2010 Mountain Masochist Trail Run

From Fellrnr.com, Running tips
Jump to: navigation, search

Mountain Masochist Trail Run is a pretty trail race through the mountains of Virginia. It has some technical single track, but is mostly on fire roads. Some of the fire roads are gravel and broken rock, which I found tore my feet up a little and dramatically slowed me down through some sections. The race is well organized, with well stocked Aid Stations and outstanding route marking. There are some steep sections in the race, with 9200' of ascent and 7200' of descent. The best estimate is that this is about a 54 mile race, making the 12 hour cut off difficult for many runners. There is a pre and post-race dinner, both in the race hotel. The hotel was comfortable and well-priced, so most runners seemed to stay there, making it a sociable event. I finished in 8:24 for 12th place, which is slower than I would have liked. I was slow and cautious through some sections to protect my feet, but in other sections I felt like I ran well. More at http://connect.garmin.com/activity/55904981

1 What Worked

  • Modified Nike Free Trail. Because of my skin condition, no trail shoe offers sufficient protection. I have been pleasantly surprised by the combination of protection and flexibility that the Nike Free Trail shoe offers. See Modified Nike Free for a description of the modification.
  • Vitamin C. I experimented with taking Vitamin C on the race. There is some scientific research that Vitamin C prevents oxidative damage to muscles, which in turn prevents endurance adaptation. I've been modifying my Vitamin C intake during training and found that there is some impact. The goal of racing is optimum performance, not fitness adaptation. Therefore I took 500 mg Vitamin C over three doses through the race. It's hard to be sure of the effects, but I feel that there may have been some protective benefits. I'll write more on this in the future.
  • Hill Week. Two weeks ago I did a week where all my running was on my local hill. I think that this helped prepare my legs for the long down hills at MMTR.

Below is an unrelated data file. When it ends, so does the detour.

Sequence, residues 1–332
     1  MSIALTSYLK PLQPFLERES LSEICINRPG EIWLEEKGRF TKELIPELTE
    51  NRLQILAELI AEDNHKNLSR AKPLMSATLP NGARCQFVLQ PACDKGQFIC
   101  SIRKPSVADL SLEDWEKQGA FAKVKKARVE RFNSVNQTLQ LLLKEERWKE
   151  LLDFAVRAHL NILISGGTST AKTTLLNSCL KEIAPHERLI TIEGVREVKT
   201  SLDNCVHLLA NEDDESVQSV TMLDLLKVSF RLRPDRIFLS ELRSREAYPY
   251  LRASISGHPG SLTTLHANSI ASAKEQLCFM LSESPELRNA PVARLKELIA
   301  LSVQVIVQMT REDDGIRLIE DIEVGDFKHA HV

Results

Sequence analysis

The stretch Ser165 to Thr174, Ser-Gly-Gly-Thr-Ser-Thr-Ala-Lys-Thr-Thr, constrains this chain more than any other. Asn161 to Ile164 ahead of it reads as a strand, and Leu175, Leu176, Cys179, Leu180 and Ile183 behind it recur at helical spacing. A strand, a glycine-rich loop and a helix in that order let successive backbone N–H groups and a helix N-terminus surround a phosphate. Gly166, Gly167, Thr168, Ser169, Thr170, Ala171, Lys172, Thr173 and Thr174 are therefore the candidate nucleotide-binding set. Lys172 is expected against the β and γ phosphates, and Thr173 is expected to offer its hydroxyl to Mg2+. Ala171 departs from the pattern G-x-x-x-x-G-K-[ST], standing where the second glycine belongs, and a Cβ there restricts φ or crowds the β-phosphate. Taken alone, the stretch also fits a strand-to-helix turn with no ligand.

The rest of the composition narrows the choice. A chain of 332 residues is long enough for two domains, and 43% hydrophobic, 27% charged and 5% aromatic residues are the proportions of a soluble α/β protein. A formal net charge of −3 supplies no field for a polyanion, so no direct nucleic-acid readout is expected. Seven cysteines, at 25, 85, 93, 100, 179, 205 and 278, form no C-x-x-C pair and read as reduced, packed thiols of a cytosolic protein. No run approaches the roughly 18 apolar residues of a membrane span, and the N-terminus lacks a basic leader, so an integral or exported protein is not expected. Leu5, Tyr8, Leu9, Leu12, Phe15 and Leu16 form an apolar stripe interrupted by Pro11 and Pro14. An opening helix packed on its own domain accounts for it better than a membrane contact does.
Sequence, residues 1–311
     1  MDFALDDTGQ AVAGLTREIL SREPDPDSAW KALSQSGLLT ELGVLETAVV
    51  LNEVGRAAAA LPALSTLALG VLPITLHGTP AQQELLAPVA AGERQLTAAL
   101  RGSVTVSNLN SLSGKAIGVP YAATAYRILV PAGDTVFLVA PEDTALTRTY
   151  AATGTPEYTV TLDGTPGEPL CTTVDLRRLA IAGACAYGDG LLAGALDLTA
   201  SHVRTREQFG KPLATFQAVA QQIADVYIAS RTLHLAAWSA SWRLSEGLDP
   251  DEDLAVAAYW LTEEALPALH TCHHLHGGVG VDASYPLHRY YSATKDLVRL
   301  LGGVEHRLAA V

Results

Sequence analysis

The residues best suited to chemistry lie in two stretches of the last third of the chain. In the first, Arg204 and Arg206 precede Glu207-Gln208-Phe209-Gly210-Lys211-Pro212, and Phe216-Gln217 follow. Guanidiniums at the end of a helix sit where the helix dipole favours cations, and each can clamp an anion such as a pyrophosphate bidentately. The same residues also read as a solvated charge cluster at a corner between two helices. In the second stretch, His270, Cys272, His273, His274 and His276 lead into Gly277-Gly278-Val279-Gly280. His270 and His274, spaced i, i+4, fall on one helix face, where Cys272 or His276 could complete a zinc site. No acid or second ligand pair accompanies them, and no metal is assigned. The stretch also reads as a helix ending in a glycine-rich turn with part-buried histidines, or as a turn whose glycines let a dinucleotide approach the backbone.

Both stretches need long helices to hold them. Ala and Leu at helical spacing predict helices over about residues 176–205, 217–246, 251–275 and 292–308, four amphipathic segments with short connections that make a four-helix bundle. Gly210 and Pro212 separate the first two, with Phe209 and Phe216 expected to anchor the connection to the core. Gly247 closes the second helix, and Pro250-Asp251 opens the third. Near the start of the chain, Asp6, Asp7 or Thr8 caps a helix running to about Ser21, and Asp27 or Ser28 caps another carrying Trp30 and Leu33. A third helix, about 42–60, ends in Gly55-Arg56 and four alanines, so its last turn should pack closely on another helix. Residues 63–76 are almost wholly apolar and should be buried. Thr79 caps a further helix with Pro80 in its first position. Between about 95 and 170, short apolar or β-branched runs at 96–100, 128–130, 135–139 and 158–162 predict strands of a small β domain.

• 2XU Tights. This is the first race that's been cold enough to wear the 2XU Elite compression tights. I think there is a slight benefit from these tights over just calf sleeves, but it is a small benefit. The only downside is that they tend to slide down due to the compression, which is a mild distraction.
  • GPS Profile. I downloaded a GPS track for MMTR in case of problems with navigation. The course was so well marked that navigation was not an issue, but I discovered that I could have the GPS display the course profile, which let me know how long and steep the hills work. The GPS also shows that I spent 13 minutes not moving, which is more than I expected. Some of that time may be when I was picking my way over rocks and moving so slowly that the GPS decided I was stationary, but I may have spent longer at the Aid Stations than I thought.

2 What Failed

  • Stubbed Toes. Normally I check out a hotel room to make sure there is nothing to fall over if I go to the bathroom in the middle of the night. This time I failed this simple exercise and did not realize there was a luggage rack to fall over. I stubbed my toe quite badly, and I thought it might be broken. When I examined it in the morning, it made walking painful, but did not appear broken. It was mostly okay on the run, and some Ibuprofen at the half way point kept pain under control.
  • Modified Nike Free Trail. One unexpected downside to the MNF Trail is that cutting the heel reveals some cavities. One of these cavities got a sharp stone embedded, but not visible on casual inspection. When I hit another stone on the trail under that part of my foot, the sharp stone pushed into my heel. Each time that happened, it was painful enough to cause me to shout expletives and has left my heel quite sore.

3 Other Lessons Learned

  • Rocky Trails. It should be obvious to me, but I'm never going to do well on rocky trails. They tear my feet up too badly and slow me down. I do best on Asphalt, and can do okay on smooth trails.
  • Pace and hunger. On one part of the course (the loop) the trail was rocky enough that my pace dropped below a casual stroll. This drop in intensity coincided with acute hunger, which makes me think that I do well on just my Go Juice when I am running at a reasonable intensity.

4 Next Steps

  • More Hills. I need to do more hill training, even if this reduces my mileage. I think that 20 miles of hill repeats is more valuable than 26 miles on the flat. Putting this into practice will be harder than writing it down.
  • Body composition. Since Hinson Lake 24 hour, I've lost some muscle mass and put on body fat. This is probably only 1-2 pounds of each, but enough to have a noticeable impact on performance.
  • Vitamin C. I will continue to experiment with Vitamin C intake.
  • Modified Nike Free Trail. I need to work out how to block up the holes in the sole that are revealed when the heel is cut down.